Validation.

Not everyone can admit that they like to feel validated in who they are and what they do. Validation is something we all seek after unconsciously or in a very conscious manner. Why is this? Because we like knowing that we are doing good, that we are doing okay. It can be an extremely strange feeling wanting someone to say something about what we are doing but when they say something it can be the sweetest moment.

Have you ever wondered why we enjoy being validated, it’s a reassurance that what we are doing is making the cut. The understanding that our efforts are being recognized by others helps us continue to pursue the best direction in our personal and professional relationships. As business professionals, we need to know that the hours we toil on projects are paying off not only for our personal portfolios but for the organization who employs us. The projects we are able to successfully complete can be stepping stones to greater success in our chosen field of employment. The failures we experience will also be stepping stones of evaluation and remapping our pathways to successful days of validation in the future.

In our personal relationships validation is key in the sustainability and health of your relationship. If your partner or friend does something right let them know, give them a pat on the back, a hug of gratitude, or simply use your words to say “Thank you.”. We need validation in our relationships as reinforcement for the rocky times that are guaranteed to happen throughout the life of any relationship.

Being able to be genuinely grateful for the things your partner or friend does can build up emotional storage of affirmation and validation that can carry a friendship through the dark times.  We need to remind ourselves that from time to time we will not be in the best emotional state to be a good friend, but to be a friend who needs a good friend to drag us out of the muck we are laying in, clean us off, cheer us up, and help us move forward with life.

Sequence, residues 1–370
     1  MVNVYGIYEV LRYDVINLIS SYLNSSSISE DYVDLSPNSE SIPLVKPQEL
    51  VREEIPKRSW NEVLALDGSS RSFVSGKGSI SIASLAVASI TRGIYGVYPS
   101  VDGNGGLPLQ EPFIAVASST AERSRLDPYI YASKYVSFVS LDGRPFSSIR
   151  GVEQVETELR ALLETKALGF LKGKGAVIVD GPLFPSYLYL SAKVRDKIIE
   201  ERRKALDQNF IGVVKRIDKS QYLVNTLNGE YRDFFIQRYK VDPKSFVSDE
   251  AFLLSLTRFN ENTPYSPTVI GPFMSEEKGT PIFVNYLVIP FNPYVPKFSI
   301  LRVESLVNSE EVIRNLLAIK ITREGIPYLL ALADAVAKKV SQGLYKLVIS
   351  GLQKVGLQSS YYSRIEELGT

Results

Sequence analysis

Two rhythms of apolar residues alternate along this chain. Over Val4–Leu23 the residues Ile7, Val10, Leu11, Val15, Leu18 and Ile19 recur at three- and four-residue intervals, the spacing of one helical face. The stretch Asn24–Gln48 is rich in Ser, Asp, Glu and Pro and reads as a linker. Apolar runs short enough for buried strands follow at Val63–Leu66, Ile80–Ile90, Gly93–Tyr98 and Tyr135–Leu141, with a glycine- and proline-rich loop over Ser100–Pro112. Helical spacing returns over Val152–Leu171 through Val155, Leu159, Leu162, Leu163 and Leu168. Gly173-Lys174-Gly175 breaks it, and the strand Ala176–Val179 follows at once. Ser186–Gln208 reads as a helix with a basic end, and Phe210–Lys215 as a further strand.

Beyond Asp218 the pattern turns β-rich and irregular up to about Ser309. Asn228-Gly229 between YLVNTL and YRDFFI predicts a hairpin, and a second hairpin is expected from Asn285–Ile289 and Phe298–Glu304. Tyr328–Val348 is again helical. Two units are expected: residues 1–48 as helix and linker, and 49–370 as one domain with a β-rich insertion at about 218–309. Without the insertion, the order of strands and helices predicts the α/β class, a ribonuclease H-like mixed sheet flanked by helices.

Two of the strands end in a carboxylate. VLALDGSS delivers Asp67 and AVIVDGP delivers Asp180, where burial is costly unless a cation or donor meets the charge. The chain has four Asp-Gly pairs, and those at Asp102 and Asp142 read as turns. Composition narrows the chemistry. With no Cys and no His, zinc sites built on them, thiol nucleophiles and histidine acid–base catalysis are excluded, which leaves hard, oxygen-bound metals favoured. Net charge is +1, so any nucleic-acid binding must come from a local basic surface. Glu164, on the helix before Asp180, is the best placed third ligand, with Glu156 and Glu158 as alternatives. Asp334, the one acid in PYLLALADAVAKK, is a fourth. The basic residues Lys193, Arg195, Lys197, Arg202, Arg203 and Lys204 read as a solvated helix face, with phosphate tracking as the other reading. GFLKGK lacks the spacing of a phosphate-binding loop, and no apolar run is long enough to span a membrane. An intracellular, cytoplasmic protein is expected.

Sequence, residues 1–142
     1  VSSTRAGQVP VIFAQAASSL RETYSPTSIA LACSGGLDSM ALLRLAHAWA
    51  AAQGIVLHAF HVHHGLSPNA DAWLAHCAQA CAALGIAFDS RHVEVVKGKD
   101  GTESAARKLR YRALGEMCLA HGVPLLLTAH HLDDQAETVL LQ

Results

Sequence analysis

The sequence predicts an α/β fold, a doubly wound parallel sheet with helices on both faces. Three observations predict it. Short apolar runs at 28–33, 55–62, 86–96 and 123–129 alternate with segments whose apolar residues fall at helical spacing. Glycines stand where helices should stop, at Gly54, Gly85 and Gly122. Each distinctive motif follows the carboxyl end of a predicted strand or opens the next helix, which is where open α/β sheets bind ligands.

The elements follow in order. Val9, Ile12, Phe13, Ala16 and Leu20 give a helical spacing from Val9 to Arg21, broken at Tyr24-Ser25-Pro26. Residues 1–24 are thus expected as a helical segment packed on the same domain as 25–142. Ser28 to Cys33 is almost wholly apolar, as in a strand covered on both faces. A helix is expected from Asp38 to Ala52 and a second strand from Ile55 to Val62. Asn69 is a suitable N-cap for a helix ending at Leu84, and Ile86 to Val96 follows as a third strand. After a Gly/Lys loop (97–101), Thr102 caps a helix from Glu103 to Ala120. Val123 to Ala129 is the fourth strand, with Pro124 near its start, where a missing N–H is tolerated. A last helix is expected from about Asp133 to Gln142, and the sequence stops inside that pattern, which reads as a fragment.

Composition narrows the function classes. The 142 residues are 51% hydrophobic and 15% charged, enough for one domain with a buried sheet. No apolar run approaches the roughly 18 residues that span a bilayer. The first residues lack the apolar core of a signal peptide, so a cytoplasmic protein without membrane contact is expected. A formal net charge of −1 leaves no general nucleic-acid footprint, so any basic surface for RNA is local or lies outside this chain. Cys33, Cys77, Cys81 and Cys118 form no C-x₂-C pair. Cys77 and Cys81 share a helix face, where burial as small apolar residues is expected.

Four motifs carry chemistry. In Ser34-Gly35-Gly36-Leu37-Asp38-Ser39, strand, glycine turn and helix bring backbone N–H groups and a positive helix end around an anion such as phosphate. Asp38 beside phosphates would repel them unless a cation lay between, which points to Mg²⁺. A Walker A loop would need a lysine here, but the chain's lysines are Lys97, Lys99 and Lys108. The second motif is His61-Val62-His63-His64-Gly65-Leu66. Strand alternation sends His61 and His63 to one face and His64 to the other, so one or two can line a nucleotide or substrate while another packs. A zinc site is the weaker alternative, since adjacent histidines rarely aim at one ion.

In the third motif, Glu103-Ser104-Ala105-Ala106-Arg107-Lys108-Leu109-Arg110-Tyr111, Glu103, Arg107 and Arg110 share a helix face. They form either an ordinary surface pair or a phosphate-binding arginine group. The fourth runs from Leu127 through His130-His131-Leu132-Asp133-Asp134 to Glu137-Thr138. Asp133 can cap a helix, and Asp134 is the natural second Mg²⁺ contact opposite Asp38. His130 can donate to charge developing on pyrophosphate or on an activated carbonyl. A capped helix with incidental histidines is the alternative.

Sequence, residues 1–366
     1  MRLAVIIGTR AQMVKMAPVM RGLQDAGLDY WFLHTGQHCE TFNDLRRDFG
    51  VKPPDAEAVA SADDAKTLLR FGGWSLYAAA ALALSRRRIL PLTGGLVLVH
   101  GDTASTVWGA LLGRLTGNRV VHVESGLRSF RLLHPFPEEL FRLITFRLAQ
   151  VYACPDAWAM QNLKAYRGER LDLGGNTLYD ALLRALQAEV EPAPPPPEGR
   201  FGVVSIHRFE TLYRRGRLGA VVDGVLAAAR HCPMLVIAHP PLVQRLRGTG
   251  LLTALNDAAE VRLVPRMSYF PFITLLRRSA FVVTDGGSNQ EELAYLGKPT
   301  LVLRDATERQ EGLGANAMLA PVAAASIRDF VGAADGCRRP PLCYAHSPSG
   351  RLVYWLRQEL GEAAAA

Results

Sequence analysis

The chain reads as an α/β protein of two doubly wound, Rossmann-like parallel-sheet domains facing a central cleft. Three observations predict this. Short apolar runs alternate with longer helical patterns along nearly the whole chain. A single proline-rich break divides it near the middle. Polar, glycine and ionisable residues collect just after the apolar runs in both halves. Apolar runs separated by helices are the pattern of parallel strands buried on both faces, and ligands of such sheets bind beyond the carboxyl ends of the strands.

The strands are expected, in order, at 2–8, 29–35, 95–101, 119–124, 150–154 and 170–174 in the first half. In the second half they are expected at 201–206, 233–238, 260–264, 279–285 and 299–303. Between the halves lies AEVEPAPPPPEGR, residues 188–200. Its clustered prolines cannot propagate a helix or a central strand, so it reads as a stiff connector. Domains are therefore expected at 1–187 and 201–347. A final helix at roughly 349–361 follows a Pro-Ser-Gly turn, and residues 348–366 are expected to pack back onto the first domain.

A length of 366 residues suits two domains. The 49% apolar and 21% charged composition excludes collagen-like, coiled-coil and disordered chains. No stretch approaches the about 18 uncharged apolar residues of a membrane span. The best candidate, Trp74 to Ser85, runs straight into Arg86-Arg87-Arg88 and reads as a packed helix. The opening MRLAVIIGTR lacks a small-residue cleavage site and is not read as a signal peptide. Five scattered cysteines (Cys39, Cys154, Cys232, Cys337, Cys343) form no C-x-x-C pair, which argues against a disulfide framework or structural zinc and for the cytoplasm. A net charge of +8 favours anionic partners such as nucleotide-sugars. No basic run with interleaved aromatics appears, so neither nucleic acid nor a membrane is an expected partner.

We need to remember to be a good friend who is grateful to our friends, acknowledging and validating their good traits, so they know where your friendship stands then can be there when you need it most. Providing that feedback isn’t always an easy thing to do, it is, however, an essential thing to do often in healthy relationships.

Thank you, friends, for reading this simple message. May you find a way to validate your friends for the good people they are and help them become the people they hope to be.

Time.

Being a bit of a nerd I held off a while month before dropping a Lord of the Rings reference, so here is one that truly sucks out to me as something to think on. “All we have to decide is what to do with the time that is given us.’” – Gandalf to Frodo in the fellowship of the ring. I think about time often, because I never feel that I have enough of it. I’m always feeling if I had more time I could do _____. If only that extra time was available to me right? I’d never miss out on anything I wanted again. Not so.